National Park Service to update oil and gas drilling rules


A fracking boom near national parks has already degraded air quality and fragmented wildlife habitat around some of the country’s most cherished public lands. @bberwyn photo.

Agency acknowledges potential for adverse impacts to park values

Staff Report

The recent surge in fossil fuel exploitation on public lands near national parks has raised serious concerns about air quality, wildlife and scenic values — to the point that the National Parks Conservation Association outlined threats in a report a few years ago.

Now, the National Park Service wants to tackle some of the concerns by updating drilling regulations.  The proposal would revise current rules that are 36 years old, predating the modern fracking area. The agency hopes the update will give the fossil fuel industry more certainty, improve the agency’s ability to protect park resources and the values for which the parks were set aside, and protect visitors from potentially adverse impacts associated with fossil fuel development. Continue reading

Judge says Forest Service violated FOIA in controversial Wolf Creek land exchange


A federal court has ordered the U.S. Forest Service to release more documents related to a controversial land trade and development proposal at Wolf Creek Pass in Colorado.

Sloppy search for records related to proposed Colorado resort development put agency in the hot seat

By Bob Berwyn

Conservation advocates battling against plans for a massive resort development at Wolf Creek Pass, in southwestern Colorado, won a partial victory in federal court this week, as a judge ruled that the U.S. Forest Service violated the Freedom of Information Act and must release more documents related to the approval of a controversial land trade.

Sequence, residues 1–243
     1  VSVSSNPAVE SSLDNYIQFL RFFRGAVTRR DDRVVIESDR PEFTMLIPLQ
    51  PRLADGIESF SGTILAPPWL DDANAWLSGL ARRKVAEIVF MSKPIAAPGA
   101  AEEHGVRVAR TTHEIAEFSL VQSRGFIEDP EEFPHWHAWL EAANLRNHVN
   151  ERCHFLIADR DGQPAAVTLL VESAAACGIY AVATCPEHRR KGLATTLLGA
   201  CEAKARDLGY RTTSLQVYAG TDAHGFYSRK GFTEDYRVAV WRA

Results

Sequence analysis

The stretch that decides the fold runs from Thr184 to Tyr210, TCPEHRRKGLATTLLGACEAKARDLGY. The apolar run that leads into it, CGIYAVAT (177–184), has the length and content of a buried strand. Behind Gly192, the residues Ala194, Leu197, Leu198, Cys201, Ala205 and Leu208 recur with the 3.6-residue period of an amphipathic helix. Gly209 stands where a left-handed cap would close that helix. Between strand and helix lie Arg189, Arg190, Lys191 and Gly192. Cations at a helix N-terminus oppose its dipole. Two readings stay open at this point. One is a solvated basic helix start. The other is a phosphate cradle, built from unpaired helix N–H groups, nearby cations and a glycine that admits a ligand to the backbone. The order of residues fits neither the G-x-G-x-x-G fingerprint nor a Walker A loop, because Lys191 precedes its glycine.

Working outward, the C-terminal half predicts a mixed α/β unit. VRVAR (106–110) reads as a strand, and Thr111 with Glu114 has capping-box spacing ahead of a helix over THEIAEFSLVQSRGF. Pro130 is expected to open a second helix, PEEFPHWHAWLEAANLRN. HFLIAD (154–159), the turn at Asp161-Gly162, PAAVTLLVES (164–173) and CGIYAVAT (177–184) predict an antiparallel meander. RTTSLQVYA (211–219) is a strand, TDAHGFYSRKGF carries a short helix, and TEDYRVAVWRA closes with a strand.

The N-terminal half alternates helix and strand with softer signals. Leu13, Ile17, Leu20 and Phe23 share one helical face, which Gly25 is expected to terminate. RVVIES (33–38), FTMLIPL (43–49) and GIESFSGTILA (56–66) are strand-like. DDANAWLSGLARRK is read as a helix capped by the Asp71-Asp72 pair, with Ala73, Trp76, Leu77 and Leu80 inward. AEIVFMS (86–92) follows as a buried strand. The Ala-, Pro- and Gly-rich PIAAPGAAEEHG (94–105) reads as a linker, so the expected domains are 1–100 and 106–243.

The land trade was approved earlier this year by Rio Grande Forest Supervisor Dan Dallas. It would give the developer, Leavell-McCombs Joint Venture, a way to access a parcel of private land that’s nearly surrounded by public national forest lands by swapping 205 federal acres for 177 acres of private land. If it stands, the trade would enable construction of a resort village for up to 8,000 people. Continue reading

Study shows national park visitors value dark skies

Light pollution is a growing challenge


Night skies over Arches National Park. Photo courtesy NPS.

Staff Report

FRISCO — The National Park Service says that recent surveys show that efforts to protect nighttime skyscapes from light pollution are valued by park visitors.

A new study, published Sept. 4 in Park Science, suggests that almost 90 percent of visitors to Maine’s Acadia National Park interviewed for the study agreed or strongly agreed with the statements, “Viewing the night sky is important to me” and “The National Park Service should work to protect the ability of visitors to see the night sky.” Continue reading